'MY LADYE NEVELLS BOOKE' (1591) BY WILLIAM BYRD. HISTORY, STYLE, FORM, AND PERFORMANCE ASPECT OF THIS COLLECTION ('My Ladye Nevells Booke' (1591) Williama Byrda. Historia, styl, forma oraz wykonawcze aspekty zbioru)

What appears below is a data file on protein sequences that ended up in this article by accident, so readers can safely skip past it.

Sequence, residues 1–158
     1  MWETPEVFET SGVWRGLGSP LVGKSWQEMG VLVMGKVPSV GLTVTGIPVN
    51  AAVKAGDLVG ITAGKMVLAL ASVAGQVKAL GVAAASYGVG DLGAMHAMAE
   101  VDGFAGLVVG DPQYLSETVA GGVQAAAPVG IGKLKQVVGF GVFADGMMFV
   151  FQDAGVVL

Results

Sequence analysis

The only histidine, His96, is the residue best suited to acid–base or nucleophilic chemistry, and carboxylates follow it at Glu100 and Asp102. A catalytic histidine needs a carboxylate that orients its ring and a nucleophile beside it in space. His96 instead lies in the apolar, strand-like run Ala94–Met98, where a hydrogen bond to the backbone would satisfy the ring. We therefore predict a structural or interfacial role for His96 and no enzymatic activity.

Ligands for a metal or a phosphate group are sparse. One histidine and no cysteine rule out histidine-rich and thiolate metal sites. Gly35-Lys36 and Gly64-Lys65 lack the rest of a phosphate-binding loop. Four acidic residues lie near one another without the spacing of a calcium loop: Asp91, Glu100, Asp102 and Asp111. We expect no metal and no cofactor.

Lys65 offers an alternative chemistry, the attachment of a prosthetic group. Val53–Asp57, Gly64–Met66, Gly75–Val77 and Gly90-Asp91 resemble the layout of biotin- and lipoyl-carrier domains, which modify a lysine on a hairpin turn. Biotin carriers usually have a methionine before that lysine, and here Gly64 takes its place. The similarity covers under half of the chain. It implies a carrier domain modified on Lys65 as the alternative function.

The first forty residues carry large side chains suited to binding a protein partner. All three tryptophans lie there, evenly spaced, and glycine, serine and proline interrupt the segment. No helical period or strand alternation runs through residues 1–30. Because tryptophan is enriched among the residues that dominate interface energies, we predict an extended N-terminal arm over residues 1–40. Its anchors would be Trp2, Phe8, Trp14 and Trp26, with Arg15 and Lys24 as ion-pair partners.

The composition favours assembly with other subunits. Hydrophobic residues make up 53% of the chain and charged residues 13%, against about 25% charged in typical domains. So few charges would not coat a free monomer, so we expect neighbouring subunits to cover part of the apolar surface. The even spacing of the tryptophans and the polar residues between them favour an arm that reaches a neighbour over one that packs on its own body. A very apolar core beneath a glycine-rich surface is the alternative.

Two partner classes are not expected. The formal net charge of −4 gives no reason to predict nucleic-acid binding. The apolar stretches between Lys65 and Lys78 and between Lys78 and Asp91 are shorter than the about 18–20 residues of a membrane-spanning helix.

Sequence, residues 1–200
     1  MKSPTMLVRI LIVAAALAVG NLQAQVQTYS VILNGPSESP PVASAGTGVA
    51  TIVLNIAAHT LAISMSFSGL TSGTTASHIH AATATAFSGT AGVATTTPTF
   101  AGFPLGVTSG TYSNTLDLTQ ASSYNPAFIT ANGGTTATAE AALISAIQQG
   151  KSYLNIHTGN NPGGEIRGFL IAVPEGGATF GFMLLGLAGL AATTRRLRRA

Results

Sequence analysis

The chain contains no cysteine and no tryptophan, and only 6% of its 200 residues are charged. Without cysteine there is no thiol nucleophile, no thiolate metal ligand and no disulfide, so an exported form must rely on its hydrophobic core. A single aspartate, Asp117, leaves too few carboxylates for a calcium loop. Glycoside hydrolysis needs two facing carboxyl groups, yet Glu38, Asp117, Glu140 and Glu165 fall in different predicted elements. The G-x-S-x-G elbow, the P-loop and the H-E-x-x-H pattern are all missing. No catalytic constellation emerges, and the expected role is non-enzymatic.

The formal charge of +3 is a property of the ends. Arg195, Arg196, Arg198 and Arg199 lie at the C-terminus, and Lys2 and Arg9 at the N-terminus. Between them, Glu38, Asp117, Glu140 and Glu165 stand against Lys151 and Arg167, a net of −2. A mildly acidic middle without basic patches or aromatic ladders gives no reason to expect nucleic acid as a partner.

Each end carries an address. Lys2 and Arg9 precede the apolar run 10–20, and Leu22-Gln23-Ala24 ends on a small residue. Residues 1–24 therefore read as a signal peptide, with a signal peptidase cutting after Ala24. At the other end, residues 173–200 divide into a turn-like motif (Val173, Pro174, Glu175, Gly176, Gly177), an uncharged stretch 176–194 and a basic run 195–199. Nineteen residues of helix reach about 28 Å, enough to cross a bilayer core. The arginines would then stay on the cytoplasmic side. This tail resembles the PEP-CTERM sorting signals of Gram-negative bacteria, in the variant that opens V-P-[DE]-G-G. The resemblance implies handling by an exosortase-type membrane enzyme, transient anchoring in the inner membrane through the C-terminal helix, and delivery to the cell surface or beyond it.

This article presents a collection of works for the virginal, entitled 'My Ladye Nevells Booke' by William Byrd (1540-1623) of 1591. Most probably this collection was compiled by the composer himself, and also copied under his tutelage by John Baldwin. It contains 42 compositions among which are pairs of dances, such as pavane-galliard, the prototypes of the later suite, and also technically advanced examples of variations. Byrd was one of the first composers who undertook a form of keyboard variations after the Spanish composer Antonio Cabezon, which were usually based on the melodies of well-known songs or dances. The variations included in 'My Ladye Nevells Booke' belong to the most virtuoso works of Byrd, thanks to his exploiting such technically advanced ideas as quick passages performed according to the 'old' fingering, sequences of parallel thirds and sixths, as well as an unusual rhythmic variety. These compositions quickly became part of the world of Baroque variations. This group of works is supplemented by the variations based on the ostinato base called in England as the ground. 'My Ladye Nevells Booke' is an example of a collection created at the time of the change from the Renaissance to the Baroque. On the one hand we see here pairs of dances and inventive variations; on the other hand one also finds examples of fantasies based on ancient techniques, such as fauxbourdon and hocket, and also harmony which seemingly refers to the medieval modes. Yet there also emerge fragments which foreshadow the tonal system. Thus, Byrd's collection confirms the opinion of the Belgian musicologist Charle de Borren who observed that 'at the beginning the experience of tonality was an empirical one, still without its own theory'. Apart from discussing the aspects of the form of these works in this collection of the English composer, this article raises problems about the performance of the virginalists' music, such as the characteristic of the instrument itself, the issue of historical fingering, ornamentation, and the history of the edition of Byrd's collection. 'My Ladye Nevells Booke' certainly deserves interest on the part of both musicologists and performers, since it is one of the earliest sources of knowledge of the musical forms composed in England at the end of the 16th century, and of its style. Above all Byrd's oeuvre opens a splendid period in the history of the music of English virginalists, a era which also delights us today.
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